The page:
"Can I get an attorney? . . . I have not been given the opportunity to have counsel. . . . As I said, the Fair Play for Cuba Committee has definitely been investigated, that is very true. . . . The results of that investigation were zero. The Fair Play for Cuba Committee is not now on the attorney general's subversive list.
Mr. BALL. On November 22, 1963, the day the President was shot, when is the last time you saw Oswald?
Mr. SHELLEY. It was 10 or 15 minutes before 12.
Mr. BALL. Where?
Mr. SHELLEY. On the first floor over near the telephone.
Mr. BALL. Was that the last time you saw him?
Mr. PIPER. Just at 12 o'clock.
Mr. BALL. Where were you at 12 o'clock?
Mr. PIPER. Down on the first floor.
Mrs. R. E. ARNOLD, Secretary, Texas School Book Depository, advised she was in her office on the second floor of the building on November 22, 1963, and left that office between 12:00 and 12:15 PM, to go downstairs and stand in front of the building to view the Presidential Motorcade. As she was standing in front of the building, she stated she thought she caught a fleeting glimpse of LEE HARVEY OSWALD standing in the hallway between the front door and the double doors leading to the warehouse, located on the first floor. She could not be sure that this was OSWALD, but said she felt it was and believed the time to be a few minutes before 12:15 PM.
She stated thereafter she viewed the Presidential Motorcade and heard the shots that were fired at the President; however, she could furnish no information of value as to the individual firing the shots or any other information concerning OSWALD, whom she stated she did not know and had merely seen him working in the building.
on 11/26/1963 at Dallas, Texas
File # DL 89–43
by Special Agent Richard E. Harrison
Mr. BELIN. Did you see him come into the domino room at all?
Mr. GIVENS. Not that morning, no, sir; I didn't.
Mr. BELIN. When did you leave the domino room to go up to the sixth floor?
Mr. GIVENS. 8 o'clock.
Mr. BELIN.. At 8 o'clock?
Mr. GIVENS. Yes, sir.
Mr. BELIN. So you don't feel he came in the domino room before 8 o'clock?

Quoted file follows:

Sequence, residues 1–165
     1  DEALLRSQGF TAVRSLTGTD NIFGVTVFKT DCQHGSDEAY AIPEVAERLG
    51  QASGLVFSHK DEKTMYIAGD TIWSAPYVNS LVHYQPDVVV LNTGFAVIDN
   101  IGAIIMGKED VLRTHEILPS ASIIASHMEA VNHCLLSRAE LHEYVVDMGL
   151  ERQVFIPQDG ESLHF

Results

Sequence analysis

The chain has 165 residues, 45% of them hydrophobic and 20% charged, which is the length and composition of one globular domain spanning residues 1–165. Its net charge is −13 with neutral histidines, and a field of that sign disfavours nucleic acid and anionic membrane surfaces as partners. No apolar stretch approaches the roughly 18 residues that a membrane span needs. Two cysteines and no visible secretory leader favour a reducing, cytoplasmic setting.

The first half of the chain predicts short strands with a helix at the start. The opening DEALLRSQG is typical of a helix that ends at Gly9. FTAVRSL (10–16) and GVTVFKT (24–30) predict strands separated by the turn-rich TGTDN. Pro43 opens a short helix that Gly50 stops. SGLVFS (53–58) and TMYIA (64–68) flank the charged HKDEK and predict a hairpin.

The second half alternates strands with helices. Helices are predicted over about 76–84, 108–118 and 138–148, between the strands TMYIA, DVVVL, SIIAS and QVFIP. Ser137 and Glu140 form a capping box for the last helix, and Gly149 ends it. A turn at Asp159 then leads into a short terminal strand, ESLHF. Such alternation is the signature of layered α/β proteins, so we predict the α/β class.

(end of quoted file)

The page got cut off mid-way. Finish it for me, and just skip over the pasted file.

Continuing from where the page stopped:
Mr. GIVENS. No, sir; not that morning he didn't.
* she and her colleagues shared an office on the second floor, next to the lunch room;
* their most direct route out of the building would not have taken them past the domino room;
* there was a stronger reason for her to visit the second–floor lunch room, which contained running water and a vending machine, than the domino room, which contained only tables and chairs.
* In a statement to the Sheriff’s Department, Eddie Piper, a colleague of Oswald’s, claimed that he was on the first floor when, “at 12:00 Noon, this fellow Lee says to me, ‘I’m going up to eat’”
When they heard that the motorcade had reached Main Street, they decided to go back into the building to obtain a better view. Because of the crowd standing on the front steps of the TSBD, they used one of the building’s rear entrances. Their route took them close to the domino room. Oswald could hardly have known this unless he too had been on the first floor at the time.
According to police logs, the motorcade was on Main Street from about 12:23pm until 12:29pm, which places Oswald on the first floor just a few minutes before the shooting. Jarman narrows the time further: he was standing outside “until about 12:20, between 12:20 and 12:25.”
There's no hard evidence that he did, but numerous people say they saw Oswald at Ruby's club, The Carousel, weeks before the JFK assassination.
... according to the testimony of several people, was in one of Ruby's nightclubs on Thursday, the eve of the murder of President Kennedy. It is also reported that when Oswald saw Ruby in the police station, his face contorted in horror and he instinctively covered himself with his arms. Obviously he know what to expect. ...
... At first, the provocateurs tried to depict Oswald as the agent of a foreign power and, under this pretext, to fan anti-Cuban and anti-Soviet hysteria. When this attempt was unsuccessful, they hurried to seal his lips.
More and more evidence is coming to light that the murder of President Kennedy was inspired and carried out by ultraright racist circles in the United States. ...